Sean Donnola: One Square Mile

Featuring work by Sean Donnola
23 November, 2021–08 January, 2022 Checklist
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Charles Moffett is pleased to present One Square Mile, a solo exhibition of 18 Polaroids by New York based artist Sean Donnola, on view from November 23, 2021 through January 8, 2022 at the gallery’s 511 Canal Street space.

With a conceptual premise defined only by location –the one square mile area in which the images were captured – Donnola takes advantage of the liberties offered by his loose framework, capturing objects and broader views alike; his practice, in general, relates to the “American visual landscape.” The works chosen for the show are often enticingly disorienting, requiring the viewer to take a moment to get their bearings – to make sense of the eerily familiar yet at-first undefinable subject matter of each composition. The moment of recognition conjures a pleasure similar to solving a riddle. The pictures oscillate between eerie and beautiful, mysterious and everyday. In one, idyllic clouds sit atop a cotton candy sky in a sunset scene which is anchored at the top by a tree-line and includes the side of a back-lit house that conjures the geometry of an Ellsworth Kelly sculpture. In another, Donnola’s framing of a skylight makes the normalcy of a window feel like the artist’s own personal James Turrell "Skyspace." Images of news footage on the television screen show the horror of a world literally and metaphorically on fire from a distance.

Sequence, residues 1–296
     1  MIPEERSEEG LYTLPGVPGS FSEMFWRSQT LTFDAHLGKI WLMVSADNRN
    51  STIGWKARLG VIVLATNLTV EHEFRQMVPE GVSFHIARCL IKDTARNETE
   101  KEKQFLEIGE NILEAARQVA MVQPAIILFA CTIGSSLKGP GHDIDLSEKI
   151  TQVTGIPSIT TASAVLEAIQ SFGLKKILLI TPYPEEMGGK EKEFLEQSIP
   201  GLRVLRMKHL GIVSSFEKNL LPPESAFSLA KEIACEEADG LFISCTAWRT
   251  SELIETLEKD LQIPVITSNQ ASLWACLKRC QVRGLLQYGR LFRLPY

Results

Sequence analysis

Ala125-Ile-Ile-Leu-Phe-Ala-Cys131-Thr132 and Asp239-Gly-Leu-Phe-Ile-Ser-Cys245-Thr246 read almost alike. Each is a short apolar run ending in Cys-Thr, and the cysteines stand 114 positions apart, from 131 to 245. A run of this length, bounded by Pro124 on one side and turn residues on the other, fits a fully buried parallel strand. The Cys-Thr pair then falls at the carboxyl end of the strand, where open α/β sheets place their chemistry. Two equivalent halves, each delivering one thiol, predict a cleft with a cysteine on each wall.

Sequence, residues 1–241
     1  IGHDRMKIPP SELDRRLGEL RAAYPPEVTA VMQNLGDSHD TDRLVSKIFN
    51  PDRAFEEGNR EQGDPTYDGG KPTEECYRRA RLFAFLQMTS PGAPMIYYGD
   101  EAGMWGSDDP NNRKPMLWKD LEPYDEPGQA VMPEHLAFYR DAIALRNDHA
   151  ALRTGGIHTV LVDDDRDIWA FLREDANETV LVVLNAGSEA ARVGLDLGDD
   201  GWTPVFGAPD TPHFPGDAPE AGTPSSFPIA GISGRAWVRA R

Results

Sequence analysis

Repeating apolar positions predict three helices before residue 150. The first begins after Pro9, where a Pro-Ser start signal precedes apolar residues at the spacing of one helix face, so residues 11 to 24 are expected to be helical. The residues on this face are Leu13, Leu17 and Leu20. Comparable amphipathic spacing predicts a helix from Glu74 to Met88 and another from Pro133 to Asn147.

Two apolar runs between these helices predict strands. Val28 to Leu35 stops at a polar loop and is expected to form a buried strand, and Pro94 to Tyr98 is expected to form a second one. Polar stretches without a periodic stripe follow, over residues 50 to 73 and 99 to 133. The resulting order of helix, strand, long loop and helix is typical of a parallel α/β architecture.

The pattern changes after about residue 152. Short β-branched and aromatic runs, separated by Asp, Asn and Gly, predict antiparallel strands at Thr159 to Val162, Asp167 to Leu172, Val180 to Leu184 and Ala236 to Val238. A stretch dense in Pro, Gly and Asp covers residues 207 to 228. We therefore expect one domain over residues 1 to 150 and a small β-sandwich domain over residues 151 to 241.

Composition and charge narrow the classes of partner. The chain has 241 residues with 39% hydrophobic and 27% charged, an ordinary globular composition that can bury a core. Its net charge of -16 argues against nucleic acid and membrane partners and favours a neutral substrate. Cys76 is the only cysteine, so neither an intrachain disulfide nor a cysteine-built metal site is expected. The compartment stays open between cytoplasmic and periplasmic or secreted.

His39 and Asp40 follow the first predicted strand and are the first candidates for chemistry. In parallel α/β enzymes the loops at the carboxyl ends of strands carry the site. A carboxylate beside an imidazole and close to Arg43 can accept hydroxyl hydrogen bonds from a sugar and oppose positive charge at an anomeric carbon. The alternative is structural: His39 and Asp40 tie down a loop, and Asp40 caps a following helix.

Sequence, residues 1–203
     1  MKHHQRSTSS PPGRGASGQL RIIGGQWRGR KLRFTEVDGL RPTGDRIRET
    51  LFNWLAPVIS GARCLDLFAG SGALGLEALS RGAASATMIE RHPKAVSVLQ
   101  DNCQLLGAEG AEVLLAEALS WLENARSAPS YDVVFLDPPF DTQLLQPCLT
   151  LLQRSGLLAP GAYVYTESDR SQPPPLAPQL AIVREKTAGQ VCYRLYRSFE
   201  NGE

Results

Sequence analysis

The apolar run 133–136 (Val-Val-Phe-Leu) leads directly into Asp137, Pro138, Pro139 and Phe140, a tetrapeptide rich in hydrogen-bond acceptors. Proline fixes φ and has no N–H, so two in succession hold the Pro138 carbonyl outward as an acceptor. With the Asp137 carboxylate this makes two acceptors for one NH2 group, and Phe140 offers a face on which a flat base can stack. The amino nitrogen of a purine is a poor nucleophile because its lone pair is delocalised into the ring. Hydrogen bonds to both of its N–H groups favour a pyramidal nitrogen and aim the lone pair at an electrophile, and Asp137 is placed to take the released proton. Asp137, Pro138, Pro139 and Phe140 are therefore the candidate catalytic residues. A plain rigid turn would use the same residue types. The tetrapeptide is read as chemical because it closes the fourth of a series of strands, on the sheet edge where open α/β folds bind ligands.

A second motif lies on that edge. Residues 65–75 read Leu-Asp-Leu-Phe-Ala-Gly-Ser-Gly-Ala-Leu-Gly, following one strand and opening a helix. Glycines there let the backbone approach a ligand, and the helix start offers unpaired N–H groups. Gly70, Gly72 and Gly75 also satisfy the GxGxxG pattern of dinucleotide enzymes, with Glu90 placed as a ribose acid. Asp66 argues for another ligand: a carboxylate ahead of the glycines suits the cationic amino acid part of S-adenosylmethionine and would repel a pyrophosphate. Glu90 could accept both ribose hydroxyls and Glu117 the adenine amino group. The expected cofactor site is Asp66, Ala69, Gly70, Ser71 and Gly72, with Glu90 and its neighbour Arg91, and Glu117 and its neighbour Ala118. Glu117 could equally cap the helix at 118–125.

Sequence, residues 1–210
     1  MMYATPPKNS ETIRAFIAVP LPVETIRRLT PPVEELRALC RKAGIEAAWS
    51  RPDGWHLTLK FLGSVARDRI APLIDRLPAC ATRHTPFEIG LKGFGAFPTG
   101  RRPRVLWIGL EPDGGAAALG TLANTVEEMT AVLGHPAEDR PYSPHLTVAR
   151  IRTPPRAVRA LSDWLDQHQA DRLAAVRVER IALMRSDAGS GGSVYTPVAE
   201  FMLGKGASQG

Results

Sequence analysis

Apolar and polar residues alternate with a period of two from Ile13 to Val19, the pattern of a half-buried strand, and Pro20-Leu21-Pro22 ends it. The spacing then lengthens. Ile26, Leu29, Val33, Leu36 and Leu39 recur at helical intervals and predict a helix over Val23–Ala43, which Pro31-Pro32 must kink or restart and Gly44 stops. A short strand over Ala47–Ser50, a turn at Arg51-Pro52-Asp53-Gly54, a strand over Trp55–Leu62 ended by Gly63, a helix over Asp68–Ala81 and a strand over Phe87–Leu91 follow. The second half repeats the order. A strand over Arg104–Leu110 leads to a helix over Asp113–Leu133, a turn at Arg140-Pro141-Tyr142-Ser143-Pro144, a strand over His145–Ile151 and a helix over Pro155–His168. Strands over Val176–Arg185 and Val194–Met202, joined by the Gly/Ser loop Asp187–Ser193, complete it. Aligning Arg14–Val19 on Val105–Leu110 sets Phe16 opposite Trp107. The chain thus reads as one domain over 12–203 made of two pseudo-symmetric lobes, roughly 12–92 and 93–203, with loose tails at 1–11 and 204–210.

Donnola’s new body of work began in the spring of 2020 and culminated in the spring of 2021. Leaning into the uncertainty and restrictions of the times, Polaroids became the focal point of Donnola’s practice: “For one year, I would limit myself to making work within a one square mile zone, with my house at the center”. The resulting images were made at home and on daily walks. Unlike the meticulous editing process that goes into perfecting each of his 35mm archival pigment prints, he had one chance to produce each unique work.

Donnola’s images, some of which border on abstraction, all offer their own moment of reflection and contemplation. While his practice is built upon a steadfast employment of 35mm film, throughout his life Donnola has turned to making Polaroid pictures. His SLR 680 camera is a descendant of the SX-70 that allows manual control of exposure and depth of field, enabling the ability to fine-tune each image. He embraces instant prints as objects that have the potential to be intimate and magical. Measuring a mere 3.1 x 3.1 inches, memorialized in a 3.5 x 4.2-inch white-matted film frame, the instant prints are made all the more powerful through their nature as unedited images which were held in the artist’s hands at the moment and location of their creation; both object and relic.

Sean Donnola (b. 1983; BFA NYU Tisch, 2006) makes photographs, films, and videos, often relating to the American visual landscape. His process is largely intuitive and reliant on the subconscious. He draws heavily upon his memory and experience to relate to what appears in his viewfinder. With every image, Donnola makes work that is felt before it is understood. As French film director Robert Bresson put it, “Make visible what, without you, might perhaps never have been seen.” His work is in the collection of The Metropolitan Museum of Art.

Works